Monday, July 27, 2015

Forgotten Heroines: Guardian of the Qur'an

Hafsah bint ‘Umar (radhiAllahu ‘anha) is one of the wives of RasulAllah (sallAllahu ‘alayhi wa sallam) who stands out at the forefront, along with her co-wives A’ishah, Umm Salamah, and Zaynab bint Jahsh.

Her name has two meanings: one being ‘young lioness,’ and the other being a reference to a certain type of bird that was known for being beautiful, elegant, strong, and predatory. With Hafsah (radhiAllahu ‘anha), everyone around her testified to the fact that she indeed lived up to her name – a creature of power as well as beauty.  

Hafsah was amongst the eldest of ‘Umar ibn al-Khattab’s children, and of the early believers of Makkah. She was described as being “her father’s daughter” and indeed, she had a very close relationship with him. Although they used to have strong words with each other quite often, they also respected each other greatly and loved each other dearly.
‘Umar would often go to his daughter in matters of both family dispute – for example, when he disapproved of something that one of his sons did – or politically, such as when he was the khalifah and Hafsah acted as an intermediary between him and various plaintiffs. He also referred to her for Islamic knowledge, drawing upon her understanding of legal rulings as well as an understanding of the society around her.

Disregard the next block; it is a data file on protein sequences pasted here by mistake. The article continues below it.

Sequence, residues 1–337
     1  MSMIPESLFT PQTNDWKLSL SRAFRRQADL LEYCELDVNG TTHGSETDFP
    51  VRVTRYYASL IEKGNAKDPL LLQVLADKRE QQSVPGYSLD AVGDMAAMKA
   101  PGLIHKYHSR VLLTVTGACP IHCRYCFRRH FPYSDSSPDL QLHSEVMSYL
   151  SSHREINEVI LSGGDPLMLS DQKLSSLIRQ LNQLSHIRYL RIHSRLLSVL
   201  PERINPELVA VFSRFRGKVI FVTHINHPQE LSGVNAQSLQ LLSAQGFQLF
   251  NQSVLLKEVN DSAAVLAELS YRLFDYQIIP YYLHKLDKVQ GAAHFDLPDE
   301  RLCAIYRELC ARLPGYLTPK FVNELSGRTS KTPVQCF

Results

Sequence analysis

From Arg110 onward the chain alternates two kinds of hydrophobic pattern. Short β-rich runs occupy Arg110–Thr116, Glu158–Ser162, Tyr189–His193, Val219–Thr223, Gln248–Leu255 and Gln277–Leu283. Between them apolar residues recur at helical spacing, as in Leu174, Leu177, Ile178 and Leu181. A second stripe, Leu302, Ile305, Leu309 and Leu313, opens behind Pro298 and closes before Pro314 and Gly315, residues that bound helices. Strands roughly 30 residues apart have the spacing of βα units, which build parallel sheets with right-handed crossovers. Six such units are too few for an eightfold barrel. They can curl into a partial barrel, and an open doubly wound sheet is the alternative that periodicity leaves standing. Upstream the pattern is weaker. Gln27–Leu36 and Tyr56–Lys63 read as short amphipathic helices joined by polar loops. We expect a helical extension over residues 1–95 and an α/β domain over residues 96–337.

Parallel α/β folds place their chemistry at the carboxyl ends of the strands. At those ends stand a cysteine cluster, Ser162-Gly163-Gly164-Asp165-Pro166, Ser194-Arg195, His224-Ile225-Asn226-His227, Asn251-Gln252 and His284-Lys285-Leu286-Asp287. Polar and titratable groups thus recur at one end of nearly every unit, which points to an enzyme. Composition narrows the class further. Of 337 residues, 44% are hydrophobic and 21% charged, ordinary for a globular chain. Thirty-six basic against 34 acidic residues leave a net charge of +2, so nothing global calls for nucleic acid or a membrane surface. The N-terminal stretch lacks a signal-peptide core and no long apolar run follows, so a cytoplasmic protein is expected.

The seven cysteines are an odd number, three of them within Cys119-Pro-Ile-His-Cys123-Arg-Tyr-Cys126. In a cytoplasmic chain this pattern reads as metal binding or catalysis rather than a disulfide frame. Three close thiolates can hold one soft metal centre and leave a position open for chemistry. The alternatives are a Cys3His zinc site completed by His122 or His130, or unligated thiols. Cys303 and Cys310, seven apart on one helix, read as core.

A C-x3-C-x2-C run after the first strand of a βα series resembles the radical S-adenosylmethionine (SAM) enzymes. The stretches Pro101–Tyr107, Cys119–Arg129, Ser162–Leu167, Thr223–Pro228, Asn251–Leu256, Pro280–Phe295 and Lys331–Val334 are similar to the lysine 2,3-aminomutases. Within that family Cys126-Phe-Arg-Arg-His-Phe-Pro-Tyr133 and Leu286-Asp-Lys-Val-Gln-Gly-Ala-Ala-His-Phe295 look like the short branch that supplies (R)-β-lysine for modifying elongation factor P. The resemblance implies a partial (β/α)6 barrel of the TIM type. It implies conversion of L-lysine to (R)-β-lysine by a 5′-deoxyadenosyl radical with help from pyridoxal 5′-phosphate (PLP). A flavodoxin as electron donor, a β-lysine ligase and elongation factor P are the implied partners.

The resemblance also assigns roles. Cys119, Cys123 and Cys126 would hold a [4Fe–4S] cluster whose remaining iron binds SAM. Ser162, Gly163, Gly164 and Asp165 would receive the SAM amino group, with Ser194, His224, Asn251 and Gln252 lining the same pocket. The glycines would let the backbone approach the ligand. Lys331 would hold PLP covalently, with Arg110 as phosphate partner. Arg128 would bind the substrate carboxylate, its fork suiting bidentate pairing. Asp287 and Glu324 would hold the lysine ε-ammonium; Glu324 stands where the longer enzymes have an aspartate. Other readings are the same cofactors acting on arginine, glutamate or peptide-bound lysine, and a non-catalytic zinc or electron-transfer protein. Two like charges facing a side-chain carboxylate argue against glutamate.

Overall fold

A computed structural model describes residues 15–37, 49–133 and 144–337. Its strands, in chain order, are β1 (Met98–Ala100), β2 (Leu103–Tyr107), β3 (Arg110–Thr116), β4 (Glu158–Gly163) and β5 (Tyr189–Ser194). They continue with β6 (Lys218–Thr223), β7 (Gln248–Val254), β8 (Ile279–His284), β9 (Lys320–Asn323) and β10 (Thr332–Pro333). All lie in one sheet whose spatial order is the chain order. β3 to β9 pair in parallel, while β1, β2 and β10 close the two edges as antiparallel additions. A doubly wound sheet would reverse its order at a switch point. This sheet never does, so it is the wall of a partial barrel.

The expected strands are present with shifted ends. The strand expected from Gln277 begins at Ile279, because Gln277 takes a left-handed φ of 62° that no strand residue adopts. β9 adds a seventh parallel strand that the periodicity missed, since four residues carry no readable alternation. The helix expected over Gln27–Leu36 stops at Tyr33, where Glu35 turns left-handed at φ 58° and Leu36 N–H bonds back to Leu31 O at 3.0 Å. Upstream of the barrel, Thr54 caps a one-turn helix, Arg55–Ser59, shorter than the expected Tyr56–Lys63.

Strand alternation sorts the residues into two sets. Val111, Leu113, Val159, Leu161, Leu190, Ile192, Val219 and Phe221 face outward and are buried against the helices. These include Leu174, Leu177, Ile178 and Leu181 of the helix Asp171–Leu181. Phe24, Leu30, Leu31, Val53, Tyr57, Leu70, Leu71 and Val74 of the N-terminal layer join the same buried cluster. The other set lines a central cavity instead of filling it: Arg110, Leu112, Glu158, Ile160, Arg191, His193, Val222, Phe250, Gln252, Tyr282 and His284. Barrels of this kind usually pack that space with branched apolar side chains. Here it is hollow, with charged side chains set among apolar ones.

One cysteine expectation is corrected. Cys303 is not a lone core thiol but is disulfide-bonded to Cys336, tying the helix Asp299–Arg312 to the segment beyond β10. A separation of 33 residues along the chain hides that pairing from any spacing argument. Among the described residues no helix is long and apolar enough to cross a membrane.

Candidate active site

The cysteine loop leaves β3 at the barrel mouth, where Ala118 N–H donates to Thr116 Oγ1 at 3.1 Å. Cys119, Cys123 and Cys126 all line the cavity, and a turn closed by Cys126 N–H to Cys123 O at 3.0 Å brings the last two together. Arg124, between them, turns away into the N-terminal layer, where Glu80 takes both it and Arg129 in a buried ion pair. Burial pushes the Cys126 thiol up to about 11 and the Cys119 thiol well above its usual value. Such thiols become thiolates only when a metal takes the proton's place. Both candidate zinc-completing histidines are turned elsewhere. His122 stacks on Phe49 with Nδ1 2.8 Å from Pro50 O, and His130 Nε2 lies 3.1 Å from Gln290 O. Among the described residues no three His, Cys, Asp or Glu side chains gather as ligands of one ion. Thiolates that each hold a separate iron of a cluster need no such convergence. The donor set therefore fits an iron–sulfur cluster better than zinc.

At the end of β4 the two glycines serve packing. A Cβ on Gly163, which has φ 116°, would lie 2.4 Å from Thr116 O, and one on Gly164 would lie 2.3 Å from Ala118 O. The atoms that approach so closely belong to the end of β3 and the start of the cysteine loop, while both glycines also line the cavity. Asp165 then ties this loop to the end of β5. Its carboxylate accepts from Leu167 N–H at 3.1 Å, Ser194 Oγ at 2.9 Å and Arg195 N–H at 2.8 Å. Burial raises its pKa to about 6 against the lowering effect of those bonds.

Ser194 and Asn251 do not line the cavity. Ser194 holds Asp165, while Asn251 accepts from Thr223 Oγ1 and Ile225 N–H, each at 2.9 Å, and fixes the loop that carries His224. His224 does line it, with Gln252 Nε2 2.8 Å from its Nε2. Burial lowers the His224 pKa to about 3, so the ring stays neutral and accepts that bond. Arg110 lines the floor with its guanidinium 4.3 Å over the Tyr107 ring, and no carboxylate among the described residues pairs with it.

Hafsah’s first husband was Khunays ibn Hudhaafah, a believer who fought in the Battle of Badr and then fell ill in Madinah after the Hijrah. When he died and Hafsah was left a widow, ‘Umar (radhiAllahu ‘anhu) was determined to find a husband who would be suitable for his daughter. With a personality that so matched his own, he knew that not any man would be right for Hafsah – only a strong man could marry a woman like Hafsah.

With this in mind, ‘Umar approached both Abu Bakr and ‘Uthmaan (radhiAllahu ‘anhum), hoping that one of them would be as eager about the match as ‘Umar himself was. To his dismay, both of them refused. However, his disappointment was quickly alleviated when RasulAllah (sallAllahu ‘alayhi wa sallam) proposed to Hafsah.

As RasulAllah’s wife, Hafsah quickly established herself amongst her co-wives. She and A’ishah (radhiAllahu ‘anha) were similar in temperament and immediately hit it off; A’ishah laughingly described the two of them as being ‘one hand.’ They spent time together both in camaraderie and friendly rivalry, forming their own little clique and backing each other up in conflicts with their other co-wives.

Hafsah was a woman of both strength and skills. As A’ishah (radhiAllahu ‘anha) said drily, “She was her father’s daughter” in temperament, and equal in intelligence. She was one of privileged few who were not only literate, but were able to write as well. She was eager to study and quick to learn, which RasulAllah (sallAllahu ‘alayhi wa sallam) recognized and encouraged, especially when he found Hafsah (radhiAllahu ‘anha) sitting with ash-Shifa bint ‘Abdullah, who was famous for her skills as a doctor. RasulAllah specifically instructed ash-Shifa to teach Hafsah medicine, thus adding to her skillset.